What Is Respite Care: A Quick Guide for Family Caregivers


By HomeWell Care Services

July 30, 2021

What Is Respite Care: A Quick Guide for Family Caregivers
What Is Respite Care: A Quick Guide for Family Caregivers

Are you a family caregiver who doesn’t have time to take a break? You should explore respite care before the need becomes more urgent.

Working a full-time job, managing children, and caring for an older or disabled loved one doesn’t leave much time for you. It’s easy to burn out or neglect your own wellbeing without noticing, which in turn makes it harder to look after everyone else. The good news is that help is often closer than you think.

What is respite care?

Respite care is a short-term break for caregivers, provided by a local in-home care agency, an adult day center, or a healthcare facility. They’ll take over responsibility for your loved one, while you take a break to rest up or do things you need to do. Respite care is typically flexible. You can book a few hours a day, or several days at a time, often at short notice.

The goal is for you to recharge, or take care of your other needs, to be an even better caregiver when you return. Your loved one can benefit from a change in routine, and the variety of having someone else involved in their care.

When should I consider respite care?

Be proactive and research your options now. It’s better to recharge early and regularly than to wait until you feel burned out.

Even when things are going well, a sudden scheduling conflict, illness or work trip can derail your family’s caregiving arrangements at short notice. By talking to your local care providers early, you’ll be prepared when these situations arise.

What if I don’t feel okay going outside my family for help?

One of the biggest barriers to finding help is the worry that no one else can provide the level of support, care, and love that you do. Try reframing it this way: you’re not replacing yourself; you’re finding the best short-term alternative.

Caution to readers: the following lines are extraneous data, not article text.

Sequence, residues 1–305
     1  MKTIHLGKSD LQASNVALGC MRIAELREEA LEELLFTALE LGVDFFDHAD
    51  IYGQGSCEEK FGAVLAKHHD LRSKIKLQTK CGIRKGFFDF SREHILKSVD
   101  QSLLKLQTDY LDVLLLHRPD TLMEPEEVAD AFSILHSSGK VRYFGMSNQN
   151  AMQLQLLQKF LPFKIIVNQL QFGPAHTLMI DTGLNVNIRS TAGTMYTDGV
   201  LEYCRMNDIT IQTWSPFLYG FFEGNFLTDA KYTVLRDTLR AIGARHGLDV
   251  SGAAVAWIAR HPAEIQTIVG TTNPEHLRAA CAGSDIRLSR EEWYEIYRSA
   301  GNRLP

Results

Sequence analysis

Also, taking a break makes you a better caregiver. Taking care of yourself, or reconnecting with friends, gives you the recharge you need to provide better support and care in the long-term. It’s essential for your wellbeing, and for the person you’re caring for.

How will my loved one feel about respite care?

For many care recipients, the idea of a professional caregiver feels like a loss of choice: another person to restrict their options and tell them what to do. To help put your loved one’s mind at ease, involve them early in the decision, starting with a family home care consultation focused on their concerns and goals. Your loved one may discover unexpected benefits to look forward to.

For example, they may want to be more involved with daily activities like checking the mail, walking the dog or preparing food. Many family caregivers, pressed for time, simply take care of these tasks for their loved ones. An agency caregiver has time to walk to the mailbox with them, help them fold laundry, or operate the oven and measure out ingredients for a cooking session.

In talking their goals through, your loved one can see how a caregiver can be a welcome, friendly companion who is there to empower them, not restrict them.

Click here for more tips on introducing your loved one to home care.

How do I choose the best respite care provider?  

Depending on where you live, your options may include local home care experts like HomeWell Care Services, day centers, and other facilities. Before you start reaching out, know what to ask, starting with the basics:

  • How does the agency screen its caregivers?
  • What training do its caregivers have?
  • Can the caregiver provide transportation?
  • How does the agency match the caregiver to your loved one?
  • How long will it take for the agency to place them?

A good care manager can also suggest other ways to help you now and in the future, such as a fall prevention assessment or a wellbeing program like HomeWell’s Life Enrichment Activity Program.

By starting now and exploring your respite care options early, you’ll make things easier when you need help in future.

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